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April 25, 2012

I recently spent four days in Indio, CA at the Coachella Music Festival. Having never experienced anything like this before, here is a list of what I learned about myself and the process of camping at a big music festival.

10. Don’t be “drunk girl”: I’m not a huge partier. I like to have a good time…getting my drink on and my smoke on. But I know my limits, and try very hard not to be the subject of any embarrassing stories the next morning. Coachella is a bit out of my element. If something was to go wrong, there are no clean bathrooms to hide in (only disgusting port-a-potties), or cabs to take me home to my bed. I had to be very careful to drink lots of water, and consume in moderate amounts, which I did successfully. Unfortunately, some people don’t know their limits. I saw one girl, passed out, being carried out of a crowd by medics, and another girl puking off the side of a picnic table while her friend held her up by her arm. I felt bad for both girls, but if you can’t hang with the big dogs then you get thrown in the pound…or some other analogy that actually makes sense.


9. Baby Wipes = Shower: Going into the weekend, I assumed this would be the case. I will admit that showering was an option, and I chose to refrain from taking one. I just didn’t want to waste my time waiting in the line to take one (which was always super long), only to rush through a shower where I wouldn’t feel all that clean anyways, to walk outside in the dirt to go stand in large sweaty crowds in the sun all day. There are only four parts of your body that need to be washed everyday, and baby wipes kept them clean enough. It was better than nothing, which was some people’s approach (I know, I could smell them).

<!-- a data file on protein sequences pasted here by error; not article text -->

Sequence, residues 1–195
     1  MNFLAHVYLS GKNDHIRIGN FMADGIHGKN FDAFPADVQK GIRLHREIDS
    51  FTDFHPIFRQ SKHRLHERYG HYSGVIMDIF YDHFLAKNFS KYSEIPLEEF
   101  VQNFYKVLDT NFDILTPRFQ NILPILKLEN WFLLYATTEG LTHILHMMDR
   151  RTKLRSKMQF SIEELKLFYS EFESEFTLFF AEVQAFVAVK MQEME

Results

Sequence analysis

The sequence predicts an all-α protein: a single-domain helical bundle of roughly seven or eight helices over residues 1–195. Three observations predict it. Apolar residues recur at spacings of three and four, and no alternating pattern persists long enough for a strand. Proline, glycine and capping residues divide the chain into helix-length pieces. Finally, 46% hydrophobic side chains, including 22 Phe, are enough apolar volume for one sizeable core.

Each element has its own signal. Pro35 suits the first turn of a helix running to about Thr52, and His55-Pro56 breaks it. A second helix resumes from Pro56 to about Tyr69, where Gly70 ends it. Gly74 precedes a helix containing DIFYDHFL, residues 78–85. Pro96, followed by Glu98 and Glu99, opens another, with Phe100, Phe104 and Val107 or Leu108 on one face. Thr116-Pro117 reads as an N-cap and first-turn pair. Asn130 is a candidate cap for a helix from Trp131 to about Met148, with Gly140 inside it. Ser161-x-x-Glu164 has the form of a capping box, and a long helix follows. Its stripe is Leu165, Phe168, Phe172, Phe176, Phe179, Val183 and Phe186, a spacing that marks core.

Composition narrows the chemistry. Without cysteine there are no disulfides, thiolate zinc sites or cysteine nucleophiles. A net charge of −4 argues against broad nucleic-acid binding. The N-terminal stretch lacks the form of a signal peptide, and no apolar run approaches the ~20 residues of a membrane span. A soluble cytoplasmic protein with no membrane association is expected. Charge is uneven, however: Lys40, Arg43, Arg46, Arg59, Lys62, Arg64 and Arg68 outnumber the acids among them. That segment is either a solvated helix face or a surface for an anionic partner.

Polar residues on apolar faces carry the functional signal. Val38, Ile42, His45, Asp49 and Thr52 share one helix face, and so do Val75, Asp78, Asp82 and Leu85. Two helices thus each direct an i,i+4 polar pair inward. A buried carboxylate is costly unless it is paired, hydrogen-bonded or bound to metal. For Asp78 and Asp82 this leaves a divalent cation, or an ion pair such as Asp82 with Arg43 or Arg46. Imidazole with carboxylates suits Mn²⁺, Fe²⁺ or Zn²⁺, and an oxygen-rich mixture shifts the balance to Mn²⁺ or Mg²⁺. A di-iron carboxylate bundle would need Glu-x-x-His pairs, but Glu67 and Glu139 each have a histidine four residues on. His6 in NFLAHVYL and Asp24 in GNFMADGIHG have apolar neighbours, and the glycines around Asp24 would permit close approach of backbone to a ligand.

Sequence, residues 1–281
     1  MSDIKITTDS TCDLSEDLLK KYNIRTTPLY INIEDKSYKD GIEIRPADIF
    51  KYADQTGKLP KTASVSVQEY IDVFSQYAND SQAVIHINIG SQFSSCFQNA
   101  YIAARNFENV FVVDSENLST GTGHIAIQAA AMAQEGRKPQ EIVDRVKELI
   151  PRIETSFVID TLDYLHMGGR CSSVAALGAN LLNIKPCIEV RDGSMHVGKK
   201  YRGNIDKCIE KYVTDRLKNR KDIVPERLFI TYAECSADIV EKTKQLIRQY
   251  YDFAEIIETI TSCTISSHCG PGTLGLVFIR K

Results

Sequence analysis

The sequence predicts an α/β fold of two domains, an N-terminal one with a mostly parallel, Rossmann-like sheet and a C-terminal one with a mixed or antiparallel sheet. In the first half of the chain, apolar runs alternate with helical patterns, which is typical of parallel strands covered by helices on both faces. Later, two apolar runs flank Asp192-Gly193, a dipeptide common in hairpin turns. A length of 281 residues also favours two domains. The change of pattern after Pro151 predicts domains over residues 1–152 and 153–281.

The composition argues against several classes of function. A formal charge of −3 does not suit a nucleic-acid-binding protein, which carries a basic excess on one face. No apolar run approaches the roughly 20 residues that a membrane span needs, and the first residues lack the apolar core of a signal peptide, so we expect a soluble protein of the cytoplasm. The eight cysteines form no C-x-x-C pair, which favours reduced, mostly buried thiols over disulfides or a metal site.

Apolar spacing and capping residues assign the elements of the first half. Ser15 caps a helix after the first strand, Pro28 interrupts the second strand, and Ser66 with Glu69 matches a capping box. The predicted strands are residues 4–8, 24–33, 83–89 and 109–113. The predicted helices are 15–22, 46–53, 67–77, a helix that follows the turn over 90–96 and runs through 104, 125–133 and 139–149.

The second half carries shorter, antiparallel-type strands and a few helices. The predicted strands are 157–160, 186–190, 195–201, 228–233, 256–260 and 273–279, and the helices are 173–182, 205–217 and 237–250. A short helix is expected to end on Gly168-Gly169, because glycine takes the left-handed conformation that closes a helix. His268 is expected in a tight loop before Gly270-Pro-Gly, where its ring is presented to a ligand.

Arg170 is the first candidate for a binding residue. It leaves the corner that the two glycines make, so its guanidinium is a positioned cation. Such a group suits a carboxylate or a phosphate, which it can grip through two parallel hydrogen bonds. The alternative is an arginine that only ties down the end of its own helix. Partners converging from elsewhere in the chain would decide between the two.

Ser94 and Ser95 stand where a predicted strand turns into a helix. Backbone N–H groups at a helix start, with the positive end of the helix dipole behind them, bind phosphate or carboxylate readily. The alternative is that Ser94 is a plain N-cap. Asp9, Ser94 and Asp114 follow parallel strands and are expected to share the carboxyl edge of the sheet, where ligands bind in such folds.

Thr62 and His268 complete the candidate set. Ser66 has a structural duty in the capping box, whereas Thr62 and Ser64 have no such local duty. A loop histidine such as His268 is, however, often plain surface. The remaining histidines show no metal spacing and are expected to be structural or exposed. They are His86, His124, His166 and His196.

8. Facial hair is interesting: During the festival I had the pleasure of spending some time with a guy with an awesome mustache. It was a full mustache that came to a point at each end and twisted up. No doubt this mustache was fantastic, and everyone at Coachella agreed with me. Everywhere he went people asked to take pictures with him, or would just approach him and start talking to him. So if you want to open yourself up to meeting new people, grown some interesting facial hair.


7. The hippy mindset gets old fast: When in the desert, camping along side thousands of strangers, you immediately let go of the idea of personal possessions. You inherited a mindset of sharing and giving. So when someone asks to borrow my sunscreen or have some of the snacks I brought, without even thinking I would happily say “absolutely!” That was great…for the first few days. By the last day, the magic of giving starts to wane, and you start to become a little more possessive of your stuff. Especially when an Icelandic traveler guilts you into giving her one of your last joints.


6. Drugs make everything more fun: Going into an event such as this, there are two ways to look at, optimistically or pessimistically. For fun, lets look at it through the eyes of a pessimist. Camping at Coachella is four days of uncomfortably sleeping on the ground, eating shitty food, having to use awful port-a-potties, and standing uncomfortably close to smelly, gross strangers. Also, the line up was 67% DJs and house music. However, throughout the weekend I learned that if you are on drugs, all of these things either don’t matter, or suddenly become amazing. The music and light show a DJ puts on caters perfectly to an over active drugged up brain. For people who take drugs, the world becomes their playground, which is why Coachella is the best place for them to be.